Sunday, January 12, 2014

Baptized? Then Pray! (Baptism of the Lord)

Father Larry Richards is the priestly equivalent of a drill sergeant or a very, very mean football coach. He hasn’t the slightest idea how to pull a punch. When a young parishioner told me that Father Richards’ book Be a Man had really shaken him up, I said “welcome to the club.”

He hits pretty hard at Catholics who don’t go to church. At least I got off easy on that one—and you do too, unless you’re just reading this homily on my blog!

But he’s also tough on Catholics who don’t find time to pray, and that’s a problem for a whole lot of us. In his blunt way, Father Richards says that people who don’t pray can end up being baptized pagans, Christians who go through the motions but aren’t really in touch with God.

Pope Francis is a little gentler, but not much. In October he said “The key that opens the door to the faith is prayer.” But he went on to say that keeping the key in your pocket can lead to arrogance, pride and a rigid faith or even to losing your faith.

This kind of tough talk isn’t really my style, perhaps because I know how often I neglect prayer myself. But on this feast of the Lord’s baptism, I think we all need to ask whether we’re unlocking the riches of our own baptism through daily contact with God.

We all know that Jesus didn’t need to be baptized. We needed him to be baptized! What better way to understand the dignity, the importance and the meaning of this sacrament—especially for the great majority of us who were baptized as babies?

“The heavens were opened to him,” today’s Gospel says, but they were opened for us.

The Spirit descended on him, so that Jesus could be the source of the Spirit for us.

The feast of the Baptism of the Lord is second only to Easter when it comes to thinking seriously about our own baptism and what it means. It’s so easy to take it for granted. Only a handful of us know the date of our baptism—I don’t—and many of us hardly give this decisive moment any thought.

Yet to be serious Christians, we must know and live both the dignity and the demands of our baptism.

We all remember learning as children that baptism washes away original sin; did we also learn that baptism makes the Christian a new creature, and adopted child of God, a sharer in the divine nature, a member of Christ and a co-heir with him, and a temple of the Holy Spirit? (cf. Catechism of the Catholic Church, 1265)

Probably not: this is adult stuff. But these are truths you can get your teeth into—truths about our Christian dignity and what it demands from us.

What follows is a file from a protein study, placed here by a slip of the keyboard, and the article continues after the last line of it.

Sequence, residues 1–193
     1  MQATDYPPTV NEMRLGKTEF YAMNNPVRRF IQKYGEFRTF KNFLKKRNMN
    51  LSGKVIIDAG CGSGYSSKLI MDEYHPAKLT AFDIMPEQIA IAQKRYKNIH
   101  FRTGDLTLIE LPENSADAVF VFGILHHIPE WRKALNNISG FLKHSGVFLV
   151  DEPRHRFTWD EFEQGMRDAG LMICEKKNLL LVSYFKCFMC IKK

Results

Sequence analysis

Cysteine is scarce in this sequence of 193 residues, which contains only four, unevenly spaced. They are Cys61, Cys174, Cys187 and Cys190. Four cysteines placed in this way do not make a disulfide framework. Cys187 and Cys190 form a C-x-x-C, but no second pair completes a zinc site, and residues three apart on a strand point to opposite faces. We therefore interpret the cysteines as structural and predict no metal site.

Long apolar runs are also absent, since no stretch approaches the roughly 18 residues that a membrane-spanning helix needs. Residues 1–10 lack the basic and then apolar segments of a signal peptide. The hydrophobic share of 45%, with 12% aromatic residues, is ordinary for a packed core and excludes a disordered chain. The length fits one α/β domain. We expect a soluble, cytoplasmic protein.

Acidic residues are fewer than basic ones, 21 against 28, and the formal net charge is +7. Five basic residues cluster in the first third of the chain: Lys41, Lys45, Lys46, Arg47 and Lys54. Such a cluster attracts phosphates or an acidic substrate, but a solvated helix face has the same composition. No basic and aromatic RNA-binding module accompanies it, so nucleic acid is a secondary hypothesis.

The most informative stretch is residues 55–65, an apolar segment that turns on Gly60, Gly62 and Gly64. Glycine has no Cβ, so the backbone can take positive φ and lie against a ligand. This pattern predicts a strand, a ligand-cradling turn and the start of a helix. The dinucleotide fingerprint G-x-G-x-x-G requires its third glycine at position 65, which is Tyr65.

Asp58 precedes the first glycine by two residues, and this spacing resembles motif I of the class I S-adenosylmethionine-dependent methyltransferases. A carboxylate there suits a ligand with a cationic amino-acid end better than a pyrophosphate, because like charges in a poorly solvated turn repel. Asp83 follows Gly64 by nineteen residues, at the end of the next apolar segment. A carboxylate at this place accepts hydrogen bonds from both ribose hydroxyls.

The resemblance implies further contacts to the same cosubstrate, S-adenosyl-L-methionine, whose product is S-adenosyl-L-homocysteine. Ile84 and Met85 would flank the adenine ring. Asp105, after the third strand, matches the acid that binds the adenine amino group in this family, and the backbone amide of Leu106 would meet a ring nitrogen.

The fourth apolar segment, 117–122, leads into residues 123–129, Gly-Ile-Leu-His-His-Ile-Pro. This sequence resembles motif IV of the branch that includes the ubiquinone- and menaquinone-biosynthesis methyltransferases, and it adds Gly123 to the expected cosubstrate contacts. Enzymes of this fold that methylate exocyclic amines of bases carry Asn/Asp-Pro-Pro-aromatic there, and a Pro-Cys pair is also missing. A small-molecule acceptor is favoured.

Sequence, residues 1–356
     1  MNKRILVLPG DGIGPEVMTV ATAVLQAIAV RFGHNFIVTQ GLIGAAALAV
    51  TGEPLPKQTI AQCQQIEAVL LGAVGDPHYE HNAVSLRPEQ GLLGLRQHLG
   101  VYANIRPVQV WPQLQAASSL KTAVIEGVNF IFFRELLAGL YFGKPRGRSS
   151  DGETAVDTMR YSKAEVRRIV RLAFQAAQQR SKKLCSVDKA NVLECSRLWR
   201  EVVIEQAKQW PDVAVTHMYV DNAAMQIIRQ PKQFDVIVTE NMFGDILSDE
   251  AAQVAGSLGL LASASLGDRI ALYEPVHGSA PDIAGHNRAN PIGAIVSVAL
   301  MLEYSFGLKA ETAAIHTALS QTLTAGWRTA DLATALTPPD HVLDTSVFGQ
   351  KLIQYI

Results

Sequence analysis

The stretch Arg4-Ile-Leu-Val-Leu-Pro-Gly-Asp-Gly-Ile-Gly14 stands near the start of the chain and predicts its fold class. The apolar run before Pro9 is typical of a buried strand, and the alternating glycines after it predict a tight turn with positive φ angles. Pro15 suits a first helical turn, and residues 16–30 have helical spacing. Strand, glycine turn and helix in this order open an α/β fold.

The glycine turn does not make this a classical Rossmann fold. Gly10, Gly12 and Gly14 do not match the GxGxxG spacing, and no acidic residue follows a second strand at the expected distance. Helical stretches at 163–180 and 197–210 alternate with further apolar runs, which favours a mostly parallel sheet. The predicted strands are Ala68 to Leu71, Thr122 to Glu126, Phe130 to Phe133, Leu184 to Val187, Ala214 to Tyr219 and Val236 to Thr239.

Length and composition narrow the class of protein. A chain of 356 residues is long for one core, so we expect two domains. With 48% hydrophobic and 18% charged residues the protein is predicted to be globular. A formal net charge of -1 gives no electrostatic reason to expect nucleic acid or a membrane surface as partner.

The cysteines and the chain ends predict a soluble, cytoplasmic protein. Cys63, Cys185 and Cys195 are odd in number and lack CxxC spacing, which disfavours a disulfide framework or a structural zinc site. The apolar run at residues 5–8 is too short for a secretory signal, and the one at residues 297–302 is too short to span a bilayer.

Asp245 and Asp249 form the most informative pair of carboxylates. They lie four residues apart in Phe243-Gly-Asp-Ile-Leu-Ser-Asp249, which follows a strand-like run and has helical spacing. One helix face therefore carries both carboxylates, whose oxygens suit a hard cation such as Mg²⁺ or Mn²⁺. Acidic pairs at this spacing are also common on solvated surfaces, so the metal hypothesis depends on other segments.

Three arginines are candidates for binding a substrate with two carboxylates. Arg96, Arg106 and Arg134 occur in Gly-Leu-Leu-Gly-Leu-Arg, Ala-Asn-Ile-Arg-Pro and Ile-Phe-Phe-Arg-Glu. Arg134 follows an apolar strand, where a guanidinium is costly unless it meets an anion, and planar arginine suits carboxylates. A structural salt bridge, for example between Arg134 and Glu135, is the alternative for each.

A creature wants to know its Creator. An adopted child, like any child, wants to experience parental love, and to show love in return. A sharer in God’s own nature wants to enter into communion with him, since He himself is a communion of Persons.

And if we are members of Christ’s body and co-heirs with him, we want to hear the Father’s voice. We want to know we are his beloved sons and daughters.

Certainly if we are temples of the Holy Spirit, we need and we want to be aware of the indwelling Presence within us, and to experience its strength and comfort.

None of this will happen fully in our lives without prayer. We can read theology, we can receive the other sacraments, and we can lead good lives. But the full richness of our status as beloved children of God will remain hidden.

This sounds like bad news for those who do not pray. It doesn’t sound much better for those who—like me—find it hard to give prayer the time it deserves.

Actually, it’s good news. Good news because prayer is far simpler and easier than many of us think. Even the tough-talking Father Richards offers a five-minutes-a-day plan in his book Surrender. The wonderful examen prayer of St. Ignatius of Loyola doesn’t need to take a whole lot more than that.

But it’s also good news because an ancient form of prayer is being rediscovered all through the Church. That prayer, which I mentioned at Christmas, is called lectio divina or sacred reading. It’s profound, that’s for sure, but it’s also simple.

Lectio divina is based on the meditative reading of scripture, so one of the beauties of this way of praying is that it puts us in direct contact with God’s living and active Word with its remarkable power to transform our hearts. Another is that lectio is an excellent way to pray for people like me who get easily distracted in prayer.

The basics of lectio divina are easy to learn. We’re going to try that for three evenings this month, beginning this Wednesday at 7 p.m. We’ll talk about the method for about half an hour, and then use it to pray for about the same length of time. In other words, we’re talking about no more than one hour.

The key to a closer relationship with the Lord is in your hand—and on Wednesday evening you have a chance to open a door

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